War has become business

The U.S. military is privatizing at an alarming rate. Thousands of troops are now employed by companies such as Blackwater and while many hoped that Obama would decrease this corporate-socialism at least in part, there has been a 23 percent increase in the number of private contractors working in Iraq and 29 percent working in Afghanistan according to the Bill Moyers Journal.

Like any increase in privatization, the danger is linking corporate profits with what should be public interests. Warfare is now a game of who can make the most money, deliver the cheapest product and compete most efficiently. The results are what you would expect them to be: Contracted troops reportedly have seen a decrease in the quality of food, living standards and weaponry while serving abroad. Companies invested in America’s War on Terror now have a huge amount at stake in keeping the war going. Haliburton, KBR and Blackwater all benefit extensively from the increasing outsourcing of military expenditures and they have all made huge financial donations to campaigns supporting the war.

The exact number of soldiers working under contractors remains unclear. Official counts of how many U.S. soldiers are deployed at any time do not include contracted soldiers. Likewise, casualties inflicted by these companies are not tallied and often go unreported. This means we are drastically underestimating the amount of troops currently serving abroad.

The federal government has traditionally been respected for its monopoly on violence. Political scientists usually define the government as the sole legitimate wielder of violence. Civilians are not supposed to have the power to declare war, and murder is punishable by the state. The government, on the other hand, is expected to punish people for their crimes and declare war when necessary. The privatization of the military means that corporations and the civilians who own them are now able to share the government’s control over violence. Privatization means that the state is now responding ever-increasingly to corporate pressures and that these corporations are now responsible for the outcome of the war, the safety of our troops and the defense of our nation.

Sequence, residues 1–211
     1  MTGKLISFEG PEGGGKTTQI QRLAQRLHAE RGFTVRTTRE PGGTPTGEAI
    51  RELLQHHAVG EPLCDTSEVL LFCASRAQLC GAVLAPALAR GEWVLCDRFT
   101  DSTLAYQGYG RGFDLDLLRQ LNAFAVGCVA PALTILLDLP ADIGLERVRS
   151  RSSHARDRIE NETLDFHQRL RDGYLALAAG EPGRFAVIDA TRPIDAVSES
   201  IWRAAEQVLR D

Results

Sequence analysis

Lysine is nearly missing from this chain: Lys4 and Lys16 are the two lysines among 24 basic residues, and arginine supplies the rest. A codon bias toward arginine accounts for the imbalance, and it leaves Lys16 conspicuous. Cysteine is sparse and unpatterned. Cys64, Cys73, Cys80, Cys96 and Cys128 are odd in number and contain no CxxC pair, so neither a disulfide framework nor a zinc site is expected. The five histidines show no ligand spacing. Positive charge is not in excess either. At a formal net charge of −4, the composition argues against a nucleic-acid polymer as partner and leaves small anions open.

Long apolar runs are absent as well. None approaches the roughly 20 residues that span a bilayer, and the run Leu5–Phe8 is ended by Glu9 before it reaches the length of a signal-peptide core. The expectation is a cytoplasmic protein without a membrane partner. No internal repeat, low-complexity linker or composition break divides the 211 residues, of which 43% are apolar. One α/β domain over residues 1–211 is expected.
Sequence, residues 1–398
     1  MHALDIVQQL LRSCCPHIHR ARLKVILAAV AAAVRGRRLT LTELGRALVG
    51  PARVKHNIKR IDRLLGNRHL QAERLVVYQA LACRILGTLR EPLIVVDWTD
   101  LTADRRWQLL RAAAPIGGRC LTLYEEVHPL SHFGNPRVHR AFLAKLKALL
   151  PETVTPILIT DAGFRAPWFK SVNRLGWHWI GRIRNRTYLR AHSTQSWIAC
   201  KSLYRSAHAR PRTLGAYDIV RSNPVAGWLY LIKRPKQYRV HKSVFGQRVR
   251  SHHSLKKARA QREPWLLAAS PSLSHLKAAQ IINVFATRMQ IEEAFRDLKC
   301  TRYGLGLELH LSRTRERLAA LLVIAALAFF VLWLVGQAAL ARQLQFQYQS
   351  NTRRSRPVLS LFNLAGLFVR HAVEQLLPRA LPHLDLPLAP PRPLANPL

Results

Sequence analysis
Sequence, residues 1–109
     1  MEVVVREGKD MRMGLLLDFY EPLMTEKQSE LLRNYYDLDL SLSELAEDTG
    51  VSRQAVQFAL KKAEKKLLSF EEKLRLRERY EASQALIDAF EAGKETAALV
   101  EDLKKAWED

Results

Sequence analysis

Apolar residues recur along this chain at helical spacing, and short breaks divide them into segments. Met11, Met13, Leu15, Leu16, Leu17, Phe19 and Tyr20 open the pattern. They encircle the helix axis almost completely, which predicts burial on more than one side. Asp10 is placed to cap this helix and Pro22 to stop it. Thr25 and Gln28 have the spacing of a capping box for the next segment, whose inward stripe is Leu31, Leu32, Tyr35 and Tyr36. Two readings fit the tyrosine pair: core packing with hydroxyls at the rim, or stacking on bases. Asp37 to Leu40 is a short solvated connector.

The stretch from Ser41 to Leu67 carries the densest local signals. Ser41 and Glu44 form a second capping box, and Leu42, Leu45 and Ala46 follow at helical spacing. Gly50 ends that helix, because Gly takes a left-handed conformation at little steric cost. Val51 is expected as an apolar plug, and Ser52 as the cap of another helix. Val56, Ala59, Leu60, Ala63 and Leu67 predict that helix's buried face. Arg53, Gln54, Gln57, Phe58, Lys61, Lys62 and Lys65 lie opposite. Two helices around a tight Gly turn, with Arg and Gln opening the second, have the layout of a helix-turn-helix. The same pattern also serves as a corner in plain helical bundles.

To some extent, private mercenaries have been used by governments for centuries. While the ethics have always been questionable, the current extensiveness of privatization is cause for alarm. Furthermore, corporate interests now frequently have loyalties to multiple countries. Their goal is not to protect the citizens, but to make a profit. Our current war against Iraq comes with many mandates to restructure their country to support corporate interests. It is likely that these changes would have happened even without the involvement of huge corporations in the military, but their presence has probably had at least some affects on the neo-liberalization of Iraq.

Americans should not be surprised that we are finding it increasingly harder to pull out of Iraq and now Afghanistan. We are up against some of the wealthiest and most powerful corporations around. While our interests may be the protection of our people and our ideals, their interests are to make a profit in whatever way possible. You wouldn’t trust Walmart to wage your wars, so why would you trust Blackwater?